So, most limitations in C on CPCtelera are CPCtelera's not the CPC.

you can't initialize global variable at the time of definition (of course you can set it later any time - if not const)

One old thread on the topic: https://www.cpcwiki.eu/forum/programming/cpctelerasdcc-initialization-of-variables-and-arrays-in-headerfile/msg112905/#msg112905

The topic is mostly right on the facts, yet things could be made clearer with some examples. Code and ASM above is a short example.

There is a test showing all the combinations offered by C, they are all supported by cpc-dev-tool-chain.
Comments in code show the bytes generated: https://github.com/cpcitor/cpc-dev-tool-chain/blob/master/tests/variable_storage_class_test/variable_storage_class_test.c

Congratulations, and welcome to C programming for almost any embedded system  ;D The first one I think is a bug in the crtc0.s.
The second is true for all C prior to C99. SDCC supports C99 and C11 you just have to enable it with an option.

pelrun is right.

On virtually all platforms where you can program in C, crt0.s is the traditional name for the link between "the operating system gave control to some ASM code supplied by the compiler + linker" and "call the main() function of the C program to run".

It is relatively simple. On bare-metal systems, it sets interrupts vectors, stack, possibly init hardware. Most platforms run code from some read-only area, so the compiled by default assumes this and makes provisions to copy them from "rom" to "ram".

On the CPC all setup is already done, crt0 becomes really simple. You can even do without it, but then you break the compiler's assumptions and get the bug.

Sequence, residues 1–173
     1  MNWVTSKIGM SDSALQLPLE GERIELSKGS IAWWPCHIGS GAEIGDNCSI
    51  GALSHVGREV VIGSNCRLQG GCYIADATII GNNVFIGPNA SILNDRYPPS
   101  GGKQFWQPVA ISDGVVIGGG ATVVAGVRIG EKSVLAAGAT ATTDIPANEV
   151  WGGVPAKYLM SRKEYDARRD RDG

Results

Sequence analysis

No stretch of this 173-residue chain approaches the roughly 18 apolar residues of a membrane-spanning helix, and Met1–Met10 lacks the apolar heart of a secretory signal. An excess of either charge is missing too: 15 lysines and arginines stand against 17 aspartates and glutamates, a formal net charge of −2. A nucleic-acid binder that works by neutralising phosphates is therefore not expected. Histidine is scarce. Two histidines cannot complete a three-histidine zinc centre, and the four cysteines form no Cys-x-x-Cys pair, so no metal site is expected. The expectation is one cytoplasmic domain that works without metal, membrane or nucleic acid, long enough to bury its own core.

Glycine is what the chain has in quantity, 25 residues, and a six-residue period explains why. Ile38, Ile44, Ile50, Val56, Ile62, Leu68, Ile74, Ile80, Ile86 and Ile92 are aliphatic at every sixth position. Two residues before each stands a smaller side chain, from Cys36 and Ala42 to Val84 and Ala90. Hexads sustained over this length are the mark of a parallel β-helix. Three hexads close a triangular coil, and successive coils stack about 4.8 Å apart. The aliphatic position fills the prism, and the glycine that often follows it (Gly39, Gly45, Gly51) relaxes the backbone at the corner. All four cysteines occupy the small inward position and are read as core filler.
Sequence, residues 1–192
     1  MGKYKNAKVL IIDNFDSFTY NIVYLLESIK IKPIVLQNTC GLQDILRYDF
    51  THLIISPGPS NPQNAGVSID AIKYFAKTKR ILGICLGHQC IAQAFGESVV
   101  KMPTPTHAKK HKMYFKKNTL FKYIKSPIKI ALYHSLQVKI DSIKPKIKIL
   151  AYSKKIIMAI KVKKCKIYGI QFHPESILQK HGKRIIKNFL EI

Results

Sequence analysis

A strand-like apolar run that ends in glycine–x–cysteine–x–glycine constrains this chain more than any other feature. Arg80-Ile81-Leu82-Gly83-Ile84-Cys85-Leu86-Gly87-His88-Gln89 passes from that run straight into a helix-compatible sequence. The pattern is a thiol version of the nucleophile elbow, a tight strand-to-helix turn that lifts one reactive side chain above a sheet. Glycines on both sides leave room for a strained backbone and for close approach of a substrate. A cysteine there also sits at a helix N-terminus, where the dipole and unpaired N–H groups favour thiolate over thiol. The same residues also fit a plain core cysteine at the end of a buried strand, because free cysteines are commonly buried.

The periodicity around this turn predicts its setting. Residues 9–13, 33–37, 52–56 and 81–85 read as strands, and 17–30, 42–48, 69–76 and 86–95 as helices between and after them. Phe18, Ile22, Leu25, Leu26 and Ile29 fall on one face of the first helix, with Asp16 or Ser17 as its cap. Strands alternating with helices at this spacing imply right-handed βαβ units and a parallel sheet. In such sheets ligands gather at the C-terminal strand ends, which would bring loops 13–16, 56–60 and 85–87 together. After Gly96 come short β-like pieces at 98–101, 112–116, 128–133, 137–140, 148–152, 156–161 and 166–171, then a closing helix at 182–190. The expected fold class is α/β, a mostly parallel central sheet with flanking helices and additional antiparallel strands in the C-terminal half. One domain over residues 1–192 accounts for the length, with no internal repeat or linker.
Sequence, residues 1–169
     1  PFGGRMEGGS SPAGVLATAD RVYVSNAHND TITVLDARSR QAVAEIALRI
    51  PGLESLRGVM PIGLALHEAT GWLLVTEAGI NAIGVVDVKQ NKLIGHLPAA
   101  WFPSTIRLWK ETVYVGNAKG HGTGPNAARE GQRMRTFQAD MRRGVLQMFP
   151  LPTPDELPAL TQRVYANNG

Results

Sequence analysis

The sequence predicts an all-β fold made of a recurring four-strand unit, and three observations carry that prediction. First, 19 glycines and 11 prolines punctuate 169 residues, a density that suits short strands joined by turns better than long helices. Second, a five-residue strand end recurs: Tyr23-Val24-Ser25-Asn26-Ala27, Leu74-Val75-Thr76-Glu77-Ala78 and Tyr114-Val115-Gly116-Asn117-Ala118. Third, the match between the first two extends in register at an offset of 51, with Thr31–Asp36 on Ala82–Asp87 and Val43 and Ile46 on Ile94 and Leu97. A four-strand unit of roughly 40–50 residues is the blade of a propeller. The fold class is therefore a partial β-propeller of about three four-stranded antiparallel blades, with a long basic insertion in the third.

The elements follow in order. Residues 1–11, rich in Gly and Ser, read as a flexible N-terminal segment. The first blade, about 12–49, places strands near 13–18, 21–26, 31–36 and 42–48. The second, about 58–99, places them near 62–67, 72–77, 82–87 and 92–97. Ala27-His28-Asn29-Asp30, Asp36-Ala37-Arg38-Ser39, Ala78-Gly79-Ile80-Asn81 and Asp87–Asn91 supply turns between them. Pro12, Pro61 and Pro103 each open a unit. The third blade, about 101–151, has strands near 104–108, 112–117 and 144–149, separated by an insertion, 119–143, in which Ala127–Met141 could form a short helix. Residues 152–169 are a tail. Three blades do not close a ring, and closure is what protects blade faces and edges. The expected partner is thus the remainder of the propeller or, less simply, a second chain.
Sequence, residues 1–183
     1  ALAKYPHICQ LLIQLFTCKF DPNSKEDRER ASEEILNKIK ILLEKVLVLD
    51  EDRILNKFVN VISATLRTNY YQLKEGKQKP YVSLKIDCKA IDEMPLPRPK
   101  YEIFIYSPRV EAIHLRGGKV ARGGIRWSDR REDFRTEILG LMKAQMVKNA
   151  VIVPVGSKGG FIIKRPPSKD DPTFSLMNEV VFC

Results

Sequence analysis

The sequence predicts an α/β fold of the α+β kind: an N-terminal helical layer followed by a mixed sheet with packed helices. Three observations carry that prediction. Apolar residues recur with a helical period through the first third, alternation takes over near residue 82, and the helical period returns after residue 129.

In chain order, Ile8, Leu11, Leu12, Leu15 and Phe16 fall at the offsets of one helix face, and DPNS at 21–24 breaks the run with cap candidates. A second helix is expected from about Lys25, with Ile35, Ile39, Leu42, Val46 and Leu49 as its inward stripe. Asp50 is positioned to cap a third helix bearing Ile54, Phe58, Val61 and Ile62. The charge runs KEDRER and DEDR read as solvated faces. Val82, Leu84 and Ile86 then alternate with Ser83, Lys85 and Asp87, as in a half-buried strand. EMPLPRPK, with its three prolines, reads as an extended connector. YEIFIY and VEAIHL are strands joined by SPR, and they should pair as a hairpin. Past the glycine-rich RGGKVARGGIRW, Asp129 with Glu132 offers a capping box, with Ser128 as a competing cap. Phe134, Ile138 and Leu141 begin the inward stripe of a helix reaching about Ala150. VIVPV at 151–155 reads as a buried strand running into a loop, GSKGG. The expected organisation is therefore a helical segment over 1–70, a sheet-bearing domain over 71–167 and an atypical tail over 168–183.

Declaring variable const then accessing them through a non-const pointer is a hack. It works and is probably generated-code-efficient but is intellectually ugly and ugly in source code. I don't.

Anyway, after observing a few years ago that no crt0 for the cpc got it right, I wrote one, heavily commented. You can see it on
https://github.com/cpcitor/cpc-dev-tool-chain/blob/master/tests/variable_storage_class_test/crt0.s

cpc-dev-tool-chain will not force you to use it. Currently you have to copy it in your project. cpc-dev-tool-chain will pick it.

My rules of thumb regarding C-level best practices

* For integers, use shortest simplest types. I mostly uint8_t .
* make const anywhere you can. Even const char const* .
* Avoid global non-const variable. Use global const variables, they are fine. See below for how cpc-dev-tool-chain helps you.
* struct, typedef as much as you want example of complex struct with interdepent pointers
* #define kuux 41 is not typed and ugly. In some cases you don't have to use that. C says static const int foo=42; it not a compile-time constant but enum { bar = 43 }; is. You can typedef a struct depending on such int-typed value with clean syntax and full compiler check! See anonymous enum and typedef